Insoluble fiber is not dissolved in liquids, but it collects in your stool and can help cure you of constipation. Insoluble fiber is found in:

  • Whole grains
  • Nuts
  • Corn
  • Berries
  • Cauliflower
  • The peels or skin of certain fruits and vegetables

A healthy diet contains both kinds of fiber.

Why fiber is good for you

There are many benefits to eating fiber. Eating plenty of fiber helps speed up your intestines. Whole grains with insoluble fiber move quickly through your intestines and signal to your body that you’re full. Fiber also prevents extremes in your blood glucose levels that can leave you hungry soon after you eat. Both of these effects of fiber help you avoid overeating.

Fiber cleans your colon out, much like a scrub brush. Buildup and bacteria in your intestines are cleared by fiber. This nutrient also contributes to soft, regular bowel movements.

More fiber in your diet lowers your cholesterol and helps your body fight off heart disease and diabetes. The benefits don’t stop there. A high-fiber diet can also lower your chances of developing certain kinds of cancer, including colon cancer.

Easy High Fiber Breakfast Foods

Adding fiber to your breakfast is a great way to start your day. Many of these common breakfast foods are high in fiber:

  • Whole grain bread for toast
  • Cereals made from whole grains, bran, or rolled oats
  • Fruits and vegetables
  • Oat bran or wheat germ sprinkled over cereal and yogurt
  • Whole wheat pancakes, waffles, or muffins
  • Oatmeal
  • Almonds
  • Whole grain bagels or English muffins

Be sure to always check the label before buying breakfast items. Make sure they have enough grams of fiber to reach your daily needs.

If you can, eat the peel of your fruits and vegetables for an extra boost of fiber. If you like dried fruits, keep them on hand to add to breakfast foods like muffins, pancakes, or yogurt. Fresh fruit is a great addition to cereals, oatmeal, and other common breakfast foods. Try slicing a banana, peach, or other in-season fruit on top!

When you buy bread look at the label to find a loaf with the highest amount of fiber per slice. Look for a cereal that will give you at least five grams of fiber per serving. Buy fresh fruit instead of canned, and never buy fruit juice as a substitute. It doesn’t have the same fiber content as fresh fruit.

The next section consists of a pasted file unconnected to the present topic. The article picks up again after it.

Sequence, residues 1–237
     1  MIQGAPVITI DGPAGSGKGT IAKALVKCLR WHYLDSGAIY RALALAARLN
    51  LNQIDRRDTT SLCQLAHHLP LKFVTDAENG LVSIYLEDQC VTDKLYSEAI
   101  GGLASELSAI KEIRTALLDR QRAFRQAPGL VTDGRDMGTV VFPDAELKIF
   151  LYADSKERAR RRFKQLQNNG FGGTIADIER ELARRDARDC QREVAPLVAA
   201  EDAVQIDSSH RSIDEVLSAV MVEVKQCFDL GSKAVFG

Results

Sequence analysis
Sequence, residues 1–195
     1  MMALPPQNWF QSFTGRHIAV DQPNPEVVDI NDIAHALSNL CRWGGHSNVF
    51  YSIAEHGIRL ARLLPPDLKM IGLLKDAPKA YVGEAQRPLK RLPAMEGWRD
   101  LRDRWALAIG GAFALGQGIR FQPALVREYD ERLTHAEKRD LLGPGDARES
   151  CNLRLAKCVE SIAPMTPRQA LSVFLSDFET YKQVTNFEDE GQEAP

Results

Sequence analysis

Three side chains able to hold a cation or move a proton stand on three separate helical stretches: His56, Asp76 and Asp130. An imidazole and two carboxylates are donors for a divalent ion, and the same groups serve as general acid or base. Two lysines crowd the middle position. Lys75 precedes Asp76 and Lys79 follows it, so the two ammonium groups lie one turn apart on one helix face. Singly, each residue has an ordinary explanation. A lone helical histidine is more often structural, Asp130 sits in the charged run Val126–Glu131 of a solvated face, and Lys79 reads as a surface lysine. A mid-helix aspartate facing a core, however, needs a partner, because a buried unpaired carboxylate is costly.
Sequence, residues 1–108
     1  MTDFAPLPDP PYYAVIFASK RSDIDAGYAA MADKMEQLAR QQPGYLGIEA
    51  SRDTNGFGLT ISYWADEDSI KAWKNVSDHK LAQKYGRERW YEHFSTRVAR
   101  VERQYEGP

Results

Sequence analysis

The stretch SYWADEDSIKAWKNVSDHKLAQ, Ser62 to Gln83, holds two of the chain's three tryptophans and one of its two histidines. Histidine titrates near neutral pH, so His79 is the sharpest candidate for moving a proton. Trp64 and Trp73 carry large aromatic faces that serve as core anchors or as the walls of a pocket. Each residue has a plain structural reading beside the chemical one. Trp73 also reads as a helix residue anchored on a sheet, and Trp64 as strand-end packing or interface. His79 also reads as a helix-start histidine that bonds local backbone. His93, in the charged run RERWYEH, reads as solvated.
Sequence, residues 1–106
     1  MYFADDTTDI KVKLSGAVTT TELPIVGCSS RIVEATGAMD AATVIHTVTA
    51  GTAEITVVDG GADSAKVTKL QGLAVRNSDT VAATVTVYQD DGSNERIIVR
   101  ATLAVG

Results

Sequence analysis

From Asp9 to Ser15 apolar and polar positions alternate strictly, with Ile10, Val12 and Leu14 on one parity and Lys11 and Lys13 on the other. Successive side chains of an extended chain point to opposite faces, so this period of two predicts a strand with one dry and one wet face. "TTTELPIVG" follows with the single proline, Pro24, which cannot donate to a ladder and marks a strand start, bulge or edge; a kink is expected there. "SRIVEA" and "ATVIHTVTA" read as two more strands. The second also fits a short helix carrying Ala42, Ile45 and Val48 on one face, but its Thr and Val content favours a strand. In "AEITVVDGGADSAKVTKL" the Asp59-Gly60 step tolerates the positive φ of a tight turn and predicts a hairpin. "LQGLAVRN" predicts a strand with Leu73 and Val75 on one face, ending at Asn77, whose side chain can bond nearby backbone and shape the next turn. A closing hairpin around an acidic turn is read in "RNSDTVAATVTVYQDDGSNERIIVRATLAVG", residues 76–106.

How much fiber do you need?

For someone between the ages of 3-18, add five to their age. The total is how many grams of fiber they need daily. A ten-year-old needs 15 grams each day. Anyone over 18 years old should shoot for 20-30 grams of fiber every day.

If you don’t currently take in a lot of fiber each day. Add it to your diet slowly instead of doing so all at once. Drink plenty of water to avoid constipation, gas, and bloating from too much fiber and not enough hydration. As you increase your fiber intake, your body will get used to larger amounts. You should have no problem with the daily recommended amount.


19 High Fiber Breakfasts to Help Meet Your Recommend Intake

high fiber breakfast with oatmeal

If you’ve ever said “I’m not really a breakfast person,” you might be missing out. Breakfast is an ideal opportunity to start the day on solid nutritional footing.

If you’re trying to get more fiber into your diet, for example, breakfast is a great way to do that. Fiber is naturally found in fruits, vegetables, grains, and seeds, according to the latest edition of the USDA Dietary Guidelines.

And why do you need this charming carbohydrate? Well, research has shown that fiber can support gut health and reduce the risk of cardiovascular disease, among many other benefits.Trusted Source

Most adults should be getting somewhere between 22 and 34 grams of fiber per day, yet research shows most of us are falling short.Trusted Source

To help you meet the daily recommended amount of fiber, we’ve gathered up 19 quick recipes that pack in 5 to 50 grams per serving.

High fiber breakfast smoothies

1. Raw banana cacao smoothie

Healthy Fiber-Filled Breakfasts
Photo: My Darling Vegan

Cacao powder is the secret source of fiber in this luscious smoothie. One tablespoon has 2 grams of fiber, and this recipe calls for 2 tablespoons. You can do the math.

Whirl it up with other tasty sources of fiber, like banana, dates, almond milk, and almond butter, and you’d swear it isn’t healthy.

2. PB&J smoothie

Frozen strawberries (a sub for jelly) provide about 5 grams of fiber per cup, and peanut butter adds another 3 grams.